Canberra energy users will pay for the demand they put on the network during peak periods after the national regulator approved new ActewAGL tariffs.
The Australian Energy Regulator on Tuesday found the company's proposed changes would encourage energy use at times of lower demand, and better reflect usage costs during congested periods than flat tariffs.
By reducing pressure on the network during peak times, the new tariffs would lower spending on maintaining reliable supply, and reduce prices for energy users in the long term, the AER said.
ActewAGL general manager Energy Networks Stephen Devlin said it expected customers with relatively low-peak demand during congested periods would be better off than under existing tariffs, while those with high-peak demand would be worse off.
"Customers could actively reduce demand during the peak window in two ways – operating high-demand appliances consecutively, rather than concurrently, or shifting the use of high-demand appliances to outside the peak window," he said.
ActewAGL's phase-in of new demand-based charges comes as the AER identified it as leading the country in reforming its tariff structure to reflect the costs of using energy during peak periods.
AER board member Jim Cox said the new tariffs gave energy users more control over their bills by taking advantage of peak and off-peak network pricing.
From December small businesses and residential customers with new homes, or new smart meters, will pay demand-based tariffs unless they opt out.
A customer's demand charges will be calculated from their highest energy use recorded in a 30-minute period within a peak charging "window" set between 5pm and 8pm.
Existing residential and small business customers who don't replace their meter will remain on their current network tariffs.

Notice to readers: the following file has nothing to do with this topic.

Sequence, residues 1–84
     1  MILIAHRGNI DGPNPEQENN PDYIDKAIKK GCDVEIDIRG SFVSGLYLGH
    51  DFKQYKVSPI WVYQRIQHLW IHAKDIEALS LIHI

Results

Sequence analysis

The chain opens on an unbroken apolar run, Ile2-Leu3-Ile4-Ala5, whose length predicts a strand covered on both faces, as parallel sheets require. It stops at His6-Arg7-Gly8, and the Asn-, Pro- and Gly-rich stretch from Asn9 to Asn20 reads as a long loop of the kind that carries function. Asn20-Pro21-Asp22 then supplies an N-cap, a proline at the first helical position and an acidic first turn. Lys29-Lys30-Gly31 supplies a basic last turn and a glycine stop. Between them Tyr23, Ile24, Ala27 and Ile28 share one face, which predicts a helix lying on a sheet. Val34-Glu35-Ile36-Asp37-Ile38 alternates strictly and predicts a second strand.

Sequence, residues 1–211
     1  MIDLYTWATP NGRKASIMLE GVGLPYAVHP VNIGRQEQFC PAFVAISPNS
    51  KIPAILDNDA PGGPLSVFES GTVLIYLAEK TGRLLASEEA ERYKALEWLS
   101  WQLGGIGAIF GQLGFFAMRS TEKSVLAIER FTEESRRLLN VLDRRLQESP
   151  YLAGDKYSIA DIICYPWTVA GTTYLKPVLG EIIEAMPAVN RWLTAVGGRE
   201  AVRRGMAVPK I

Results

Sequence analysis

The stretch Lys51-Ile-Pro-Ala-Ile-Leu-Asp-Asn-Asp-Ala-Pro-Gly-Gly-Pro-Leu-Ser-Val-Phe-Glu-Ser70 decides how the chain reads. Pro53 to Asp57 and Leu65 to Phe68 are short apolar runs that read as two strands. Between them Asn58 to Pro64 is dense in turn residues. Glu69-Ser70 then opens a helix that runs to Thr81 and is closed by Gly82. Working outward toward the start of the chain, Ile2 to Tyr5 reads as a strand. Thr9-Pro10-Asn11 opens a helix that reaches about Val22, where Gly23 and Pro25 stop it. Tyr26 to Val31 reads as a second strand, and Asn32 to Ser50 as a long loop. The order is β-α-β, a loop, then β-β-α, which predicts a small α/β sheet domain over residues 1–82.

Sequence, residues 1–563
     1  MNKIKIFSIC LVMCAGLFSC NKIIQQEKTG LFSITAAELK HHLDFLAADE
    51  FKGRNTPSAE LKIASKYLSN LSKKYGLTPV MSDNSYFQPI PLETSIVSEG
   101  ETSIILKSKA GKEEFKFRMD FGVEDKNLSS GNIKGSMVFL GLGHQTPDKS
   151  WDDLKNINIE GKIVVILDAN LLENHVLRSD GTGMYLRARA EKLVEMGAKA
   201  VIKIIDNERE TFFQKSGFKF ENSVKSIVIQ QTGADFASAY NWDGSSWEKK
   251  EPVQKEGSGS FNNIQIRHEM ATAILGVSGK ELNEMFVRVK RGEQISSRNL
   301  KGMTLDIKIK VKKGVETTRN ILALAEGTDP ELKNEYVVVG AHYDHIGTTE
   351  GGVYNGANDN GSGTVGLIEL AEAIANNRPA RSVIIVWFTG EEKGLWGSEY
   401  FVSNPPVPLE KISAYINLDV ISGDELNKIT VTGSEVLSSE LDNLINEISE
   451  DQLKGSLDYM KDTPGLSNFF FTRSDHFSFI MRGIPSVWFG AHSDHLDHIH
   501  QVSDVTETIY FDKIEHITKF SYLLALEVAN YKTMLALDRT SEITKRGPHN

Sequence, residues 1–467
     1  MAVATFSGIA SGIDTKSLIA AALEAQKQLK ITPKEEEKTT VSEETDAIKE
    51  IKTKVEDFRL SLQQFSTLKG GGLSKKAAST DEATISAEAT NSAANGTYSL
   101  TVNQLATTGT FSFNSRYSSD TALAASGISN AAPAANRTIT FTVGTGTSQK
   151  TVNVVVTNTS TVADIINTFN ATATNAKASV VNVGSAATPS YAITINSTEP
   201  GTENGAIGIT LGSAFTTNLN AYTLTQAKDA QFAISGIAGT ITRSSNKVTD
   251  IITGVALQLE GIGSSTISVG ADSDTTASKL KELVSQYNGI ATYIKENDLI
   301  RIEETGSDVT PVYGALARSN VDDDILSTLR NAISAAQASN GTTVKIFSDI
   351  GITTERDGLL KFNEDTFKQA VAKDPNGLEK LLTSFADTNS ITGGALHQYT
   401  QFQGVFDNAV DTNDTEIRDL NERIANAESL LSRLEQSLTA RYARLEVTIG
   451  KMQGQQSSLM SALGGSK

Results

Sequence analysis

Mr Devlin said ActewAGL had worked on introducing cost-reflective network tariffs over the past 10 years.
"The next phase of this journey focuses on implementing a more cost-reflective tariff structure and changing tariff levels over time."
The AER in a draft decision released in August last year rejected proposals for a new ActewAGL electricity tariff structure.
It said that Actew AGL's proposal, prepared in response to legislative changes initiated by the Australian Energy Market Commission's 2012 Power of Choice review, were unnecessarily complex and unlikely to move consumers to off-peak consumption.
AER recommended scrapping a morning "window" ActewAGL proposed using to calculate the demand costs on an energy user's bill.
"We considered the proposed windows were not reflective of costs imposed by customers on the network and would therefore send inefficient signals to customers regarding peak demand," the AER said.
It also rejected a plan to calculate small to medium businesses' demand charges using a 24-hour "window".
In response, ActewAGL said it would apply only a single evening peak "window" for residential customers, and one between 7am-5pm on weekdays for small to medium businesses.
The 2012 Power of Choice review found if consumers had a clear idea of the true cost of power, particularly in peak periods, and were charged accordingly, they would move as much consumption to off peak periods as possible. It recommended cost reflective tariffs as the best way to do this.
The electricity industry in recent years has reformed network tariffs, moving away from flat rate consumption-based charges.
This was driven by the impact on the electricity grid of rising maximum demand, which required increased investment in some networks when consumption was flat or falling.
About 55 per cent of the total energy demand in the ACT is subject to time of use or controlled load charges.